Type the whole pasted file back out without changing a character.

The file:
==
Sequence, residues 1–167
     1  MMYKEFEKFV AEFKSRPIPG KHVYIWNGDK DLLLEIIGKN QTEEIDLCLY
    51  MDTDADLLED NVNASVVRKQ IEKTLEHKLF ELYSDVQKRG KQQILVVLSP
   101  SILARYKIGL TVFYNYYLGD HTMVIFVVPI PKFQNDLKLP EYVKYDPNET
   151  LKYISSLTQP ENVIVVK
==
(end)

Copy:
Sequence, residues 1–167
     1  MMYKEFEKFV AEFKSRPIPG KHVYIWNGDK DLLLEIIGKN QTEEIDLCLY
    51  MDTDADLLED NVNASVVRKQ IEKTLEHKLF ELYSDVQKRG KQQILVVLSP
   101  SILARYKIGL TVFYNYYLGD HTMVIFVVPI PKFQNDLKLP EYVKYDPNET
   151  LKYISSLTQP ENVIVVK